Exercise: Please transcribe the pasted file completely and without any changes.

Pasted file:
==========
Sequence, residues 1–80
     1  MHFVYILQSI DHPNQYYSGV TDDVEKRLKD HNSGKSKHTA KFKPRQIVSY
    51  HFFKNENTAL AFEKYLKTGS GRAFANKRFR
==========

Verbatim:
Sequence, residues 1–80
     1  MHFVYILQSI DHPNQYYSGV TDDVEKRLKD HNSGKSKHTA KFKPRQIVSY
    51  HFFKNENTAL AFEKYLKTGS GRAFANKRFR